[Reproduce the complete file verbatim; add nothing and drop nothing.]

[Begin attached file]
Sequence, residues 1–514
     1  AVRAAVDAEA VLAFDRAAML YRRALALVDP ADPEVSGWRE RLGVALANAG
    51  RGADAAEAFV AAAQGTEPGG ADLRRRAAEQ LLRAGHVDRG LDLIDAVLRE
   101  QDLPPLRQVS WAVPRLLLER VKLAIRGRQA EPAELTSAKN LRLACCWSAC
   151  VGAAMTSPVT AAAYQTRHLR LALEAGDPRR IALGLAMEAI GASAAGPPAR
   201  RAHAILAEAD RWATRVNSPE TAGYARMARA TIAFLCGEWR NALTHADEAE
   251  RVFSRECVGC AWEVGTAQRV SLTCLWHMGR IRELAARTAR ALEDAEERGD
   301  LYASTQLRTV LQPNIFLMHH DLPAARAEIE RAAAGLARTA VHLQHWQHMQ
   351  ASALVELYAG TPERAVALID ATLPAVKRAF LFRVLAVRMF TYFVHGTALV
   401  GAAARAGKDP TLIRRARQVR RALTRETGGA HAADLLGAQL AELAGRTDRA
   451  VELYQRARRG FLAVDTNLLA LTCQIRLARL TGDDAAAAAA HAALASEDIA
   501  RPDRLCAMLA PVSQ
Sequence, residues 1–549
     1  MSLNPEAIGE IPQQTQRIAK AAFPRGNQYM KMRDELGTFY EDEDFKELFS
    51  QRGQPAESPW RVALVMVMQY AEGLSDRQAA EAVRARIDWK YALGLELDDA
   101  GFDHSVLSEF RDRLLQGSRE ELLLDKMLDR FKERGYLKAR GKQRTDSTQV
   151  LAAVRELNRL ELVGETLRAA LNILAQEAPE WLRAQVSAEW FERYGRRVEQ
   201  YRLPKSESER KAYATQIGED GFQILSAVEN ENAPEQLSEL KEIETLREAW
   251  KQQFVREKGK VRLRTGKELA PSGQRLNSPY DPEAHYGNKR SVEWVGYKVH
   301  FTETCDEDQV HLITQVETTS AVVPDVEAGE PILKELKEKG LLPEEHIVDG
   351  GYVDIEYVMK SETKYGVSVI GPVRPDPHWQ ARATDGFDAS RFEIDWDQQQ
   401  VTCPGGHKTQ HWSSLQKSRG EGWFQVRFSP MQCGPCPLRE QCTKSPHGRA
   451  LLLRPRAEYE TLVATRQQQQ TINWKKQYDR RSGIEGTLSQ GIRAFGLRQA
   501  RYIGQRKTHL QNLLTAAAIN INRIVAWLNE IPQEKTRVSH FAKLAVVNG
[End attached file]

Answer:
Sequence, residues 1–514
     1  AVRAAVDAEA VLAFDRAAML YRRALALVDP ADPEVSGWRE RLGVALANAG
    51  RGADAAEAFV AAAQGTEPGG ADLRRRAAEQ LLRAGHVDRG LDLIDAVLRE
   101  QDLPPLRQVS WAVPRLLLER VKLAIRGRQA EPAELTSAKN LRLACCWSAC
   151  VGAAMTSPVT AAAYQTRHLR LALEAGDPRR IALGLAMEAI GASAAGPPAR
   201  RAHAILAEAD RWATRVNSPE TAGYARMARA TIAFLCGEWR NALTHADEAE
   251  RVFSRECVGC AWEVGTAQRV SLTCLWHMGR IRELAARTAR ALEDAEERGD
   301  LYASTQLRTV LQPNIFLMHH DLPAARAEIE RAAAGLARTA VHLQHWQHMQ
   351  ASALVELYAG TPERAVALID ATLPAVKRAF LFRVLAVRMF TYFVHGTALV
   401  GAAARAGKDP TLIRRARQVR RALTRETGGA HAADLLGAQL AELAGRTDRA
   451  VELYQRARRG FLAVDTNLLA LTCQIRLARL TGDDAAAAAA HAALASEDIA
   501  RPDRLCAMLA PVSQ
Sequence, residues 1–549
     1  MSLNPEAIGE IPQQTQRIAK AAFPRGNQYM KMRDELGTFY EDEDFKELFS
    51  QRGQPAESPW RVALVMVMQY AEGLSDRQAA EAVRARIDWK YALGLELDDA
   101  GFDHSVLSEF RDRLLQGSRE ELLLDKMLDR FKERGYLKAR GKQRTDSTQV
   151  LAAVRELNRL ELVGETLRAA LNILAQEAPE WLRAQVSAEW FERYGRRVEQ
   201  YRLPKSESER KAYATQIGED GFQILSAVEN ENAPEQLSEL KEIETLREAW
   251  KQQFVREKGK VRLRTGKELA PSGQRLNSPY DPEAHYGNKR SVEWVGYKVH
   301  FTETCDEDQV HLITQVETTS AVVPDVEAGE PILKELKEKG LLPEEHIVDG
   351  GYVDIEYVMK SETKYGVSVI GPVRPDPHWQ ARATDGFDAS RFEIDWDQQQ
   401  VTCPGGHKTQ HWSSLQKSRG EGWFQVRFSP MQCGPCPLRE QCTKSPHGRA
   451  LLLRPRAEYE TLVATRQQQQ TINWKKQYDR RSGIEGTLSQ GIRAFGLRQA
   501  RYIGQRKTHL QNLLTAAAIN INRIVAWLNE IPQEKTRVSH FAKLAVVNG